Lansing DE-388


(DE-388): dp. 1,200; 1. 30G'; b. 36'7", dr. 8'7"; s. 21 k.; cpl. 186; a. 3 3", ff 40mm, 10 20mm., 9 dcp., 2 dct.; 3 21
tt.; cl. Edsall)

Lansing (DE-388) was laid down 15 May 1943 by Brown Shipbuilding Co., Houston, Tex., launched 2 August 1943, sponsored by Mrs. Alberta L. Lansnig, widow of William H. Lansing; and commissioned 10 November 1943, Lt. Comdr. S. R.. Sands in command.

After shakedown, Lansing departed Norfolk 13 February 1944 on her first transatlantic cruise escorting convoy UJGS 33 bound to Casablanca, the first of eight voyages to north African ports protecting convoys loaded with vital war material. During Lansing's second cruise, a convoy ship a. s. Walden was damaged by a torpedo fired from a German submarine on 12 May.

Arriving Boston 12 June 1945 from her final tranatlantic missiOn, the destroyer escort prepared for service in the Pacific. She transited the Panama Canal 2 August and was en route to Pearl Harbor when she received news of the Japanese surrender. Lansing returned New York 26 September, and decommissioned at Green Cove Springs 25 April 1946, joining the Atlantic Reserve Fleet.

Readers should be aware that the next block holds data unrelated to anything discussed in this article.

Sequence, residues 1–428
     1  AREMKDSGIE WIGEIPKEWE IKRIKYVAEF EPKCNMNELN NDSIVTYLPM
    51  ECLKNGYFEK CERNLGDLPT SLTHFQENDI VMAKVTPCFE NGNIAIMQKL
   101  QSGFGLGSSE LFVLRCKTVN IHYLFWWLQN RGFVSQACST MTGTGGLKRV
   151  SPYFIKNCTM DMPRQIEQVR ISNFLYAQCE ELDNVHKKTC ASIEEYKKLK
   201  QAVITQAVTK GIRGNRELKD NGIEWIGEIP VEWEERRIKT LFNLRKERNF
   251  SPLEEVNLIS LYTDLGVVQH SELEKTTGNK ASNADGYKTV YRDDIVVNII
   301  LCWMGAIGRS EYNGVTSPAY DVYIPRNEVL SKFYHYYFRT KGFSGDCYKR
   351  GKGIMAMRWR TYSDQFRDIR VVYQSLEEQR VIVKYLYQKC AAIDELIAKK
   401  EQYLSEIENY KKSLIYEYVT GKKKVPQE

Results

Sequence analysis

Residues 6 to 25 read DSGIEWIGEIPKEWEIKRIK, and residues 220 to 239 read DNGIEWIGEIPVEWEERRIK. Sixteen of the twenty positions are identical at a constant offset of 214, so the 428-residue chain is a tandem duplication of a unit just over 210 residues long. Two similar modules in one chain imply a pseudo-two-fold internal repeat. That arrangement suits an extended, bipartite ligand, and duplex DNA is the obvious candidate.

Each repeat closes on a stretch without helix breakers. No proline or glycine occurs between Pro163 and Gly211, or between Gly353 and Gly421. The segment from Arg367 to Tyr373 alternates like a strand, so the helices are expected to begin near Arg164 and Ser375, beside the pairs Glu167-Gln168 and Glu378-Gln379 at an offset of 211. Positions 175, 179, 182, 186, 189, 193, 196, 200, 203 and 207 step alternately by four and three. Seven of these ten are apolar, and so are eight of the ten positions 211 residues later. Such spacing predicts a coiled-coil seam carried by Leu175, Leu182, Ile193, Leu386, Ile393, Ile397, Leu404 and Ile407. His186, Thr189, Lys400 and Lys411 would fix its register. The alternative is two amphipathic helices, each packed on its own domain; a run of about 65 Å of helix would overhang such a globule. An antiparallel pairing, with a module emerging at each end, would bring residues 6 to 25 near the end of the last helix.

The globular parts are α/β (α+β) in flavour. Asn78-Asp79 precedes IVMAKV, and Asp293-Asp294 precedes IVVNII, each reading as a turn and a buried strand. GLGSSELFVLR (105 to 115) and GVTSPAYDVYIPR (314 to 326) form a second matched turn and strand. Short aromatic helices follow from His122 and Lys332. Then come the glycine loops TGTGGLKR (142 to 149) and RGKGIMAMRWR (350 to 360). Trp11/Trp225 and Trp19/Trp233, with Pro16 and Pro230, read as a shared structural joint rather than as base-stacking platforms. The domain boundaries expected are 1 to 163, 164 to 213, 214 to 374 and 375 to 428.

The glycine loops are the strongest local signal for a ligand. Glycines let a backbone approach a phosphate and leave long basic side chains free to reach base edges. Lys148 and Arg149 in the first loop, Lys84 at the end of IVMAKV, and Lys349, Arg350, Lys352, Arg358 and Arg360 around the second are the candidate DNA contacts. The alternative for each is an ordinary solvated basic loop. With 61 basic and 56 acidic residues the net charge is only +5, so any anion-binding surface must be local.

She was transferred to the Coast Guard in June 1952. Upon her return to the Navy in 1954 Lansing was converted to a radar picket escort ship and reclassified DER-388 21 October 1955. She was recommissioned 18 December 1956, Lt. Comdr. G. N. DeBuer in command.

Lansing Joined the Pacific Barrier 2 June 1957 for operations out of Pearl Harbor as a radar picket. From 1957 until 1965 she made regular patrols, ready to provide early warning in the event of an enemy attack. Lansing participated in the atomic tests at Johnston Island in the summer of 1958 and again in the fall of 1962. She sailed on Far East cruises during 1961 and 1963 and engaged in search operations for a downed Air Force Globemaster in January 1964.

Arriving Bremerton, Wash., 22 February 1965, Lansing decommissioned there 21 May and entered the Pacific Reserve Fleet.